What would happen if Daft Punk were not only tasked with drafting the score for "Tron Legacy" but also were given full creative control of the Disney-backed sequel? Well, it would probably rock, and it would probably look a lot like the group's just-released music video for "Derezzed."

The video pays deep respect to the 1982 original movie (light-cycles, black-and-neon grids, gladiator games) while staking out new visual territory and just being kinda weird (what's up with that bird?). For committed "Tron" nerds, the music video speaks in their language, but the uninitiated might be a bit lost. That's where MTV News comes in. Let's begin at the beginning, OK?

The video opens on a shot of Flynn's Arcade. The Flynn in question is Kevin (played in both movies by Jeff Bridges), a game designer working for a tech company called Encom until his creations are stolen by a nefarious rival, and he's promptly sacked. He ends up opening the arcade, which becomes a popular hangout in the early '80s. But running an arcade just ain't gonna cut it for a guy as ambitious as Flynn. He hatches a plan to break into Encom and prove the company's new games — such as Space Paranoids and Matrix Blaster — are actually his own.

Flynn's heart was in the right place, but what he didn't count on was an Encom mainframe capable of sucking him into a computer world. That's exactly what happens, and throughout the first film Flynn is forced to fight off all sorts of pixilated baddies. And that's pretty much what happens to the Daft Punk dudes when they pop a few quarters into that "Derezzed" video console.

There's no such game in the Encom world, but "derezzed" is an especially resonant word in the "Tron" universe: It's a sort of digital death in which your program essentially disappears. "Derez" is what happens to that unfortunate jouster late in the music video. But we're getting ahead of ourselves. Back to Flynn's Arcade!

Once Daft Punk have powered up the game, their digital selves — "programs," in "Tron"-speak, which are written by "users" like Flynn — materialize in the game world as light-cycles that flicker into being. Of all the beloved "Tron" imagery, light-cycles are easily the most iconic. The vehicles are part of a gladiatorial racing game that Flynn created. Once inside the computer world, though, he finds himself actually racing along on them (the object is to make competitors crash into the trail of light your bike emits).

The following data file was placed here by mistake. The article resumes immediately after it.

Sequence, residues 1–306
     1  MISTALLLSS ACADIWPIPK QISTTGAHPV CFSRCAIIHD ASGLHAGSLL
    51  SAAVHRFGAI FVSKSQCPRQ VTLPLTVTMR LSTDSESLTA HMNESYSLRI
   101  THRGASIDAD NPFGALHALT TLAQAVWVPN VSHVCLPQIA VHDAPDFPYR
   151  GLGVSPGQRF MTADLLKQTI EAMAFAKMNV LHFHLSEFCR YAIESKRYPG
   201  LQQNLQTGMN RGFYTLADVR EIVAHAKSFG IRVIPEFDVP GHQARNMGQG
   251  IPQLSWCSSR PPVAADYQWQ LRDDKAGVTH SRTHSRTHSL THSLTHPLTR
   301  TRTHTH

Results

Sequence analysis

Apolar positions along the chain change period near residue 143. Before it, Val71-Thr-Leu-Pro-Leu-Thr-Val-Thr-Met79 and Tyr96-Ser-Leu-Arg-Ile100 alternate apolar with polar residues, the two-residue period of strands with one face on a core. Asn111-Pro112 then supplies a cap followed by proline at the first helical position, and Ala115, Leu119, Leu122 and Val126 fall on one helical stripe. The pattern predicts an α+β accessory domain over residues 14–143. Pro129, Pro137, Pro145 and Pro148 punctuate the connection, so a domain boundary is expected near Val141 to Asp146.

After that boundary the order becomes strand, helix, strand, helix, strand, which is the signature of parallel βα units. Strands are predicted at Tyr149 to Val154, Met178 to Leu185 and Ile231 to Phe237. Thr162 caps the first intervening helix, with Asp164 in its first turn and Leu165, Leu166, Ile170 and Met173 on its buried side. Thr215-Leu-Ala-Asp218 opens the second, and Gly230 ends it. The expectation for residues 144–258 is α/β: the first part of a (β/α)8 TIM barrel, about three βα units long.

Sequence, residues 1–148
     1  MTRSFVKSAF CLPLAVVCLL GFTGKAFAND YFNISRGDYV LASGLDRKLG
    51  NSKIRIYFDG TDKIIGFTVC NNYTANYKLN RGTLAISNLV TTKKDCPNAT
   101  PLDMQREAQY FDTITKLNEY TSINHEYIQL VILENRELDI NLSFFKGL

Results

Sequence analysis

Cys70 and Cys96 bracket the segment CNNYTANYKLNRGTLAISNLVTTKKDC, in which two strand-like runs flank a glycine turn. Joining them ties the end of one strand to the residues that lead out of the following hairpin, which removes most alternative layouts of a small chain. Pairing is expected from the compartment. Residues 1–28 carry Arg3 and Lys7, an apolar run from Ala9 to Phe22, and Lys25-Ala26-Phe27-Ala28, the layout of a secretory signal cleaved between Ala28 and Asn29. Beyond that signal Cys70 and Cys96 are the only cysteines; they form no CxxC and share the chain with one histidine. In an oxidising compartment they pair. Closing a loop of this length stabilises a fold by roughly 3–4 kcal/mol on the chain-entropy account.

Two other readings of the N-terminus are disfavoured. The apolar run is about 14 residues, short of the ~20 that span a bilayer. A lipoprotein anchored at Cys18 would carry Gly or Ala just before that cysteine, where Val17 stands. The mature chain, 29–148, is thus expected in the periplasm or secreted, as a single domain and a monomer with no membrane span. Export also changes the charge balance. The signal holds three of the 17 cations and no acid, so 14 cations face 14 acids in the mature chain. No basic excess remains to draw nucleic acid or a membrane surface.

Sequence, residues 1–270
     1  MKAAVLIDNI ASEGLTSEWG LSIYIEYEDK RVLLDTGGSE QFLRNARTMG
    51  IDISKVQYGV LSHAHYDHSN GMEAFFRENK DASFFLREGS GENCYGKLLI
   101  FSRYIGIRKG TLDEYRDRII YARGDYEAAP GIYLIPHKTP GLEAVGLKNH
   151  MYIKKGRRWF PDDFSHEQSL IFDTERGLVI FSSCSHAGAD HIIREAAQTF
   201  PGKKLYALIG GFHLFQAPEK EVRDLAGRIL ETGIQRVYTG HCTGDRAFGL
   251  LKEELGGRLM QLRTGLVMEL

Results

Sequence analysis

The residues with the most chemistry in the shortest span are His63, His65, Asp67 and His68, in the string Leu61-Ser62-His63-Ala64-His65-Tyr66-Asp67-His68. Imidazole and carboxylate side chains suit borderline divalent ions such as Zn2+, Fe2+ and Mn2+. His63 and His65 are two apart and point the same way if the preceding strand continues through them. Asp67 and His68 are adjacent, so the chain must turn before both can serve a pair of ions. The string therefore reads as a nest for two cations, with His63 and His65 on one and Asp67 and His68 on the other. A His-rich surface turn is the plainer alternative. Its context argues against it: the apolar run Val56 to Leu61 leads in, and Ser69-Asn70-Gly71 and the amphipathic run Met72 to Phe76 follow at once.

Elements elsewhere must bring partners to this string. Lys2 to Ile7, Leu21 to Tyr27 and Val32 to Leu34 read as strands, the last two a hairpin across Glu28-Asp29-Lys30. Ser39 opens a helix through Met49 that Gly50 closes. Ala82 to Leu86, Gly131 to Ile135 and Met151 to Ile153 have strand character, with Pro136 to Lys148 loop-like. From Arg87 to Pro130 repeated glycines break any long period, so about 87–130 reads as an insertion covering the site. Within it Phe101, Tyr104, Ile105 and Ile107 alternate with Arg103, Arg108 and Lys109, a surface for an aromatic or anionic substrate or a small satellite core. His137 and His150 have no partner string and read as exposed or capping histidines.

Daft Punk tweaks the light-cycle motif when it becomes clear these aren't just bikes but mechanized horses. We've got an old-fashioned joust on our hands! We haven't seen that before. But then, we haven't seen anything like this music video before. "Tron," while revolutionary in its time, hardly looks cool by 21st-century standards; its chunky graphics and limited color palette are amusingly outdated. "Tron Legacy," by contrast, brings to bear the very latest in computer-generated imagery; it is reminiscent of, but distinctly different from, its progenitor.

The music video splits the difference with a retro-contemporary hybrid: This is the 1982 aesthetic cut through with 2010 moviemaking technology. It's both for the old-school geeks for whom "Tron" is akin to scripture and the whippersnappers who, sure, know something about the original film, but would never, like, sit down and watch it yet still are psyched to see the new flick when it hits theaters December 17.

What did you think of the "Derezzed" video? Share your thoughts in the comments!